(noun) "fibre conducting impulses to or from the brain"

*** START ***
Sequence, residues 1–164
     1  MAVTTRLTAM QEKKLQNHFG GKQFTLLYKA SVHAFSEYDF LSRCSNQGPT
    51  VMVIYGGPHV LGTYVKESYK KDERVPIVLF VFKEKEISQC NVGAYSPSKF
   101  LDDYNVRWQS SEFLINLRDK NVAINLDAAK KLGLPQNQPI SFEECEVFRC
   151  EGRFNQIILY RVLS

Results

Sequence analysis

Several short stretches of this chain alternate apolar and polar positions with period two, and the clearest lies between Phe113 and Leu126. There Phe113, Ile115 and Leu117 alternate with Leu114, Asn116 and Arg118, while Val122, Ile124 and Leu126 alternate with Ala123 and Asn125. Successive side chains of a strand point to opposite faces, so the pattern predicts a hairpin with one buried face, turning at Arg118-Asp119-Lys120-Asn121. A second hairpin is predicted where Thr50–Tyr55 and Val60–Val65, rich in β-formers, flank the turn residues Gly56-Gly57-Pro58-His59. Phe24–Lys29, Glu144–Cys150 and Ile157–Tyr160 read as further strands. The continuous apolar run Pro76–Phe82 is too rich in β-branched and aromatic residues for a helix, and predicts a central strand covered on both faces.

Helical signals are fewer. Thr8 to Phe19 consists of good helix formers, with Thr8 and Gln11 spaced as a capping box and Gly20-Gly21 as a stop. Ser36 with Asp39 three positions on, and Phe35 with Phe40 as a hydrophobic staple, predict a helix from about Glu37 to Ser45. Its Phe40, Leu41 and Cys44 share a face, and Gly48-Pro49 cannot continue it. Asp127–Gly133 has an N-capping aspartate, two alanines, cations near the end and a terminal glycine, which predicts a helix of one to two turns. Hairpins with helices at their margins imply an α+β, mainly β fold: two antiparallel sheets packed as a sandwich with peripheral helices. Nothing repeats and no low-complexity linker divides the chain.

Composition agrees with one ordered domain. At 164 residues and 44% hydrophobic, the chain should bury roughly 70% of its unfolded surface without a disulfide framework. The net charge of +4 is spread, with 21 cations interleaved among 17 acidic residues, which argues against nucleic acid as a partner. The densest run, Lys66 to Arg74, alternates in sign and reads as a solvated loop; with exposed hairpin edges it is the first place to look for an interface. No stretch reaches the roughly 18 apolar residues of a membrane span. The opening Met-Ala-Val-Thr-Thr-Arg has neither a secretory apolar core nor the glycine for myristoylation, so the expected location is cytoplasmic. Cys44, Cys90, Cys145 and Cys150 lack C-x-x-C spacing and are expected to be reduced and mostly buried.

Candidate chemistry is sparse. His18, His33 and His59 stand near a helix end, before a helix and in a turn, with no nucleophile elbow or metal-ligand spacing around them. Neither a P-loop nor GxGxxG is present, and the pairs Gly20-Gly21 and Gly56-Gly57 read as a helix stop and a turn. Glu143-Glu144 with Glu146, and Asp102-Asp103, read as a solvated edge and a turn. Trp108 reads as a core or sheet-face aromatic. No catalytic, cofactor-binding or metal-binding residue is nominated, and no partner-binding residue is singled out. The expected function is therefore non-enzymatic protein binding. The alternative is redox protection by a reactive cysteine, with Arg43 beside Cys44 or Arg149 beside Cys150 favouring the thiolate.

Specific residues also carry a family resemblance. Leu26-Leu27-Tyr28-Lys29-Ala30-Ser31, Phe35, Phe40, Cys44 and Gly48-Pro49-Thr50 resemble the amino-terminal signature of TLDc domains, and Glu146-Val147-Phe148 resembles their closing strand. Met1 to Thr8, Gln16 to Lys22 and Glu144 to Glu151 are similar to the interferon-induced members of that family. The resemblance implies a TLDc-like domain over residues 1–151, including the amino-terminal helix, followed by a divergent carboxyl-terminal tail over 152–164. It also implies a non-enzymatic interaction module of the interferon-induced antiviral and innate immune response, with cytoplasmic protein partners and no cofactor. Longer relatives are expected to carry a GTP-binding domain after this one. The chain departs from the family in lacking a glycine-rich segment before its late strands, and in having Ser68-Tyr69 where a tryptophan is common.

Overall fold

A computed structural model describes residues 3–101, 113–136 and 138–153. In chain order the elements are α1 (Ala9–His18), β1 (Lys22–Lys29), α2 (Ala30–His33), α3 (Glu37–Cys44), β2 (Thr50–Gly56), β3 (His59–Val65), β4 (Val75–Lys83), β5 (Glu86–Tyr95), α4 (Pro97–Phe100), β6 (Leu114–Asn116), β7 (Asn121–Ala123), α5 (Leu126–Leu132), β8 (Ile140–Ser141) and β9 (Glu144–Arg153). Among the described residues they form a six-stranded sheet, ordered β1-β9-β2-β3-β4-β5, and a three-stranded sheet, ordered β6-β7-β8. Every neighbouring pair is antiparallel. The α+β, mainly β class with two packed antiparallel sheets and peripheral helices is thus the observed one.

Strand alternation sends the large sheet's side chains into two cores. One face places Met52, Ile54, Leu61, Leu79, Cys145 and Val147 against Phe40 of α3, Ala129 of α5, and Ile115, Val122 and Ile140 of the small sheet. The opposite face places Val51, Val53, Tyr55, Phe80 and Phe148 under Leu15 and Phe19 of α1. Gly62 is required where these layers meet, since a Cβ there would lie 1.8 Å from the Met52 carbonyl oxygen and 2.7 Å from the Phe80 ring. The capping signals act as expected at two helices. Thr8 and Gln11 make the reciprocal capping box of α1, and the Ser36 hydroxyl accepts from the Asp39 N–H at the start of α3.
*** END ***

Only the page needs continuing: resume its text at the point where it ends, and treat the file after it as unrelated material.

The modern meaning was coming into the language in Shakespeare's time, but from the beginning of the 16th century the word had a different anatomical sense: "sinew, ligament, muscle" still heard today in the idiom 'strain every nerve'. A clue to the meaning can usually be found in the accompanying language. Thus Menenius talks of "the strongest nerves" (Coriolanus, I.i.136), Macbeth talks of his "firm nerves" (Macbeth, III.iv.101), and Hamlet refers to the Nemean lion's nerve as "hardy" (Hamlet, I.iv.83). The metaphorical use of the word was also entering the language at the same time: "strength, vigour, forcefulness", and this use is also to be found in Shakespeare. In The Two Noble Kinsmen (I.ii.69), Palamon talks of Creon "who only attributes The faculties of other instruments To his own nerves and act". But the modern meaning is lurking in the wings, such as when Antony says to Cleopatra: "ha' we A brain that nourishes our nerves" (Antony and Cleopatra, IV.viii.21).